Twenty-seven years after the Left Front came to power in West Bengal and 26 years after Operation Barga was officially launched to allocate land to the landless, people are still dying of starvation and acute poverty still stalks the countryside. Last week, CPI(M) leaders were mightily embarrassed with reports that five tribals had recently died because of lack of food in Amlashole village in Belpahari block in West Midnapore district. An allegation not heard of since the 1942 Bengal famine, the report of starvation deaths seems to falsify official boasts of great success with agrarian reforms, agricultural boom in the state and equal success with the public distribution system.
FACE OF HUNGER: A child awaits his turn to receive food from NGOs
The situation continues to be tragic a week after the incident. Take the case of Thagu Sabar. He heads for the nearest tree when he gets hungry. Thagu, a member of the denotified Kheria Sabar tribe that lives in a remote part of West Midnapore district, is luckier than most of his brethren in the neighbouring villages in Belpahari block. He can at least find some "kurkut"-a red ant that lives on trees -to fill his stomach. Thagu mashes them between his palms and pops them into his mouth, bites, stings and all. For the past few months, kurkut has been the staple in Thagu's Chirakuti village. But that is more than can be said for the Sabars living just a few miles away in Amlashole, Amjharna, Kankrajhor and six other villages in Belpahari.
A few days ago Chief Minister Buddhadeb Bhattacharya received an official report on the Amlashole deaths. Although he does not divulge the contents, he admits this much: "Amlashole is not a sudden development. There are other areas in the state where poverty and hunger are prevalent."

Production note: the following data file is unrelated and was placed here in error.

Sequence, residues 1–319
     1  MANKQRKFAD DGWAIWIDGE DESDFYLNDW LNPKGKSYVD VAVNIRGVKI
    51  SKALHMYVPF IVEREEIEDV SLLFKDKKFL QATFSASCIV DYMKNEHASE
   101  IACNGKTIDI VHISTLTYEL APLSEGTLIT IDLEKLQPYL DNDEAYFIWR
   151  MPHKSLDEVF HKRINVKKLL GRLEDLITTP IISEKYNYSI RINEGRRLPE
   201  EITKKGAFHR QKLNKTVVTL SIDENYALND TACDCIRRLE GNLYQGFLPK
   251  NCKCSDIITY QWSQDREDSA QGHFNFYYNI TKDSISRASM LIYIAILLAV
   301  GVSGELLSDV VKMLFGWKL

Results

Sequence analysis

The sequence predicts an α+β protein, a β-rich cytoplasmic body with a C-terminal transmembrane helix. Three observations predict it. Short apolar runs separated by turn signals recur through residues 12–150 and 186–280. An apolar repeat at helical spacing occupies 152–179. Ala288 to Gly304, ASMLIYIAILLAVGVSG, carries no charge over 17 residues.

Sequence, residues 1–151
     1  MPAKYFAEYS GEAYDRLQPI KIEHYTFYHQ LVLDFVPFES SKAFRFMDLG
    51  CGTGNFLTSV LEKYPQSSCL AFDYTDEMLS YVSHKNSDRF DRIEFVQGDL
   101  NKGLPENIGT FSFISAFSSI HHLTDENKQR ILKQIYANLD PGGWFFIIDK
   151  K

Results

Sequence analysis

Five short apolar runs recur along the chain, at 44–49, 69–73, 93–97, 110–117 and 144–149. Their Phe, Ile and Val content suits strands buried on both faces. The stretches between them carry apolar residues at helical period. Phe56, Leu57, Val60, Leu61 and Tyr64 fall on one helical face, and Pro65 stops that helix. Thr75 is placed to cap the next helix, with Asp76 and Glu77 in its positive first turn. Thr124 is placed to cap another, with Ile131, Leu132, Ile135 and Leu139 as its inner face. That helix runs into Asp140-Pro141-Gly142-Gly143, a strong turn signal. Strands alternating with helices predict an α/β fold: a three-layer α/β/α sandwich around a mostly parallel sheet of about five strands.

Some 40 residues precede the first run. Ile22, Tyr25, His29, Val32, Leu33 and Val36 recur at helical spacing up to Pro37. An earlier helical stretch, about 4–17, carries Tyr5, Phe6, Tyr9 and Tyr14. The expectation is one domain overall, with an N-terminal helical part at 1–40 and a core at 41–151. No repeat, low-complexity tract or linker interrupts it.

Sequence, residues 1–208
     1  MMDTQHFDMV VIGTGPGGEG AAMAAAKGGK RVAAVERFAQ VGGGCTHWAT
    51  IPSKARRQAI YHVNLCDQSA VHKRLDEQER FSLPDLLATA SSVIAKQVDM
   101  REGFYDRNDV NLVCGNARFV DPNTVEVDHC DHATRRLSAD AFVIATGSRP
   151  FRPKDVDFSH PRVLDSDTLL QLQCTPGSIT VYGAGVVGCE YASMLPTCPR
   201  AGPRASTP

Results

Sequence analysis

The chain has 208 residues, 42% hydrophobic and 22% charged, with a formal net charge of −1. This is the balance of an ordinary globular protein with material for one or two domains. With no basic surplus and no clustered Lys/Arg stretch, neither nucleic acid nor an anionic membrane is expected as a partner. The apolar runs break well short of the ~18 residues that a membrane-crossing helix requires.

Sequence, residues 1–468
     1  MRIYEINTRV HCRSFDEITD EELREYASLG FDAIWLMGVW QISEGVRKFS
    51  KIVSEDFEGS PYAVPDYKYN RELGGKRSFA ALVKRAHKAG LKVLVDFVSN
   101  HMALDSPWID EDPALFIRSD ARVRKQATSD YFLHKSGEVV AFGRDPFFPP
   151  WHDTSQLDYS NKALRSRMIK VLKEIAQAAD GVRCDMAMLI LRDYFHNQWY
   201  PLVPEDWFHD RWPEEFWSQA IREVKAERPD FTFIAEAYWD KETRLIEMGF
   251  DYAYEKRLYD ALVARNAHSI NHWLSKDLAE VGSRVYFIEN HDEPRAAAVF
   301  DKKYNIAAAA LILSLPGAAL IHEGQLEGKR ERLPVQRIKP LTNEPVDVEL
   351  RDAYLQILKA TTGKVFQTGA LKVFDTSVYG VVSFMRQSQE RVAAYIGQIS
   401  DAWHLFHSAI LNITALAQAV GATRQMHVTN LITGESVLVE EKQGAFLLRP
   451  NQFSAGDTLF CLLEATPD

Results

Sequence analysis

While Bhattacharya is at least being upfront, officials and partymen of the Left Front are falling over themselves trying to deny the starvation angle. Says West Midnapore District Magistrate Chandan Sinha: "The widow of (victim) Sanatan Mura told me that her husband died of jaundice. I have this on tape." According to Sinha it was "illness rather than starvation'' that claimed the five lives. What officials like Sinha forget is that regardless of the cause-starvation or jaundice-they are deaths due to official neglect and that the administration is squarely responsible.
STILL HOPES: Khanti, who is running a fever, has only jackfruit seeds to eat
Ironically, it was a local gram panchayat official, Kailash Mura, who first played whistle-blower. In a letter to the administration, Mura stated that the five victims in Amlashole died because of lack of food, which possibly exacerbated their life-threatening ailments. Tribals corroborate Mura's contention. Budhu Sabar, who lost his father Samay and sister Mongli earlier this year, has no doubt they starved to death. "My father had nothing but water for almost a fortnight before his death," says Budhu. "In the end he got fever and I watched him die without food."
There seems to be no reason for the Amlashole deaths apart from starvation-there is no drought, no epidemic. Some recent developments added to the poverty in Belpahari block. Locals either cut wood or collect and sell sal leaves for a living. They have stopped going into the forest since February when the PWG engineered a landmine blast in the area to prevent the security forces picking up innocent tribal youth suspected to be guerrillas. The hitherto lucrative trade in kendu leaves has also suffered since the traders who bought leaves from the tribals were displaced by the Left Front Government on behalf of a state cooperative. The cooperative does not pay the same rate as the traders and wants the tribals to bring the leaves to Belpahari. The tribals are resisting going there since there is no transport.
The civic amenities in the area are abysmal. The majority of the villagers of Amlashole and Kankrajhor say they have no ration cards. The tribals are not even on the BPL list. "Do they think that my people are all very rich? Why would they be dying then?" asks Mura. A block development official responds to this with a shrug, "I don't know what the state can do about this." For the all but forgotten tribals of Belpahari, that can hardly be reassuring to know.